Many guitarists are horrified at the thought of trying to tune their guitar without the use of an electronic tuner.
After all, they went pro for two reasons: to get hot dates and to hire a guitar tech.
But not only can tuning a guitar by ear improve playing, it can help on the occasion when a string goes out in midsong. With a little practice, it’s a great skill not just for tuning a guitar but for tuning ears.
Something to Tune to
First, find something to tune to — a piano, keyboard, pitchpipe, tuning fork, or even a harmonica.
For a standard tuning in E major, start with the A string and strike an A note below middle C on the keyboard, or blow an A note on the pitch pipe. With a diatonic harmonica in A major, blow into the 4th hole.
Pluck the open A string and listen closely for any “warble” in the tone while listening to both instruments at once. That warble is audible when the tuning is out and the note frequencies do not match up.
Tighten to “Righten”
Most strings, especially new ones, stretch and go flat. Tighten the A string tuner until the “warble” slows to a stop. Once close to the right pitch, there might be a much higher warble on the string’s harmonic, which is at double the open string’s frequency. When that high warble slows until it cannot be heard, the string is in tune for most practical purposes.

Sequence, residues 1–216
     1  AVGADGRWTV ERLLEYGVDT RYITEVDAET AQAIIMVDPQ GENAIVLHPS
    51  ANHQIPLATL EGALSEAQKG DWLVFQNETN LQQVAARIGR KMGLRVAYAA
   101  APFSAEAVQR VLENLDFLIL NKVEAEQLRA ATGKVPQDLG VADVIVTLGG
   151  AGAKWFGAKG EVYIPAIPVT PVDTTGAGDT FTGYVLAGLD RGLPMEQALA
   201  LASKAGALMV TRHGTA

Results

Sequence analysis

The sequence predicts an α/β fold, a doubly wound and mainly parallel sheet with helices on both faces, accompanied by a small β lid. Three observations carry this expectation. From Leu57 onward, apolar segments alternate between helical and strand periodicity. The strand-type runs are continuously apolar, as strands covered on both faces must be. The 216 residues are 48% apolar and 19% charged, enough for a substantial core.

If using a tuning fork, guitarists can tune all strings to that A as follows:
the fifth fret of the low E to tune to open A
fifth fret of the A string to tune open D
fifth fret of D to tune open G
fourth fret of G to tune open B
fifth fret of B to tune the high E.
With a keyboard or pitch pipe, a guitarist can tune all strings to the other instrument’s natural notes.
When restringing, all the strings will stretch and pull the neck forward with increased tension, so retune all strings a few times as each string readjusts.
If the string tunes too sharp, stretch the string with a few bends at the second or third fret. Always tune upward, tightening the string. Loosening the string to tune assures that it will go flat fast.
Fine Tune With Harmonics
Once you get the hang of that technique, the next step is a fine-tuning technique using the guitar’s harmonics on the 7th and 12th frets.
Start by plucking the E string with one finger barely touching the string just over the 12th fret. Don’t press down hard, the string should not touch the fret. Listen for the string’s harmonic as a high-pitched E note. Use the same technique on the 7th fret of the A string and listen for an E note one octave higher. Listen for a trebly warble at that frequency that was inaudible when tuning the open strings. Try first taking it out of the E string by tightening the E string tuner slightly.
Find harmonics on the other strings like this:
the 12th fret of A and the 7th fret of D
the 12th fret of D and the 7th fret of G
the B harmonic is trickier, so for now, stick to tuning the open B as previously mentioned, to the fourth fret of G.
the pattern repeats between as before for the 12th fret of B and the 7th fret of high E.
Sound better now? One more point: if there’s no instrument to tune to in sight, try to find two or three strings that are close to tune or already in tune. In most guitars the A and D go least out of tune. Tune all the strings to those. At the very least, the guitar will be in tune with itself.
Once skilled at this, a guitarist might become the featured guitar tuner at every jam and hootenanny, and that’s one way to get invited back.
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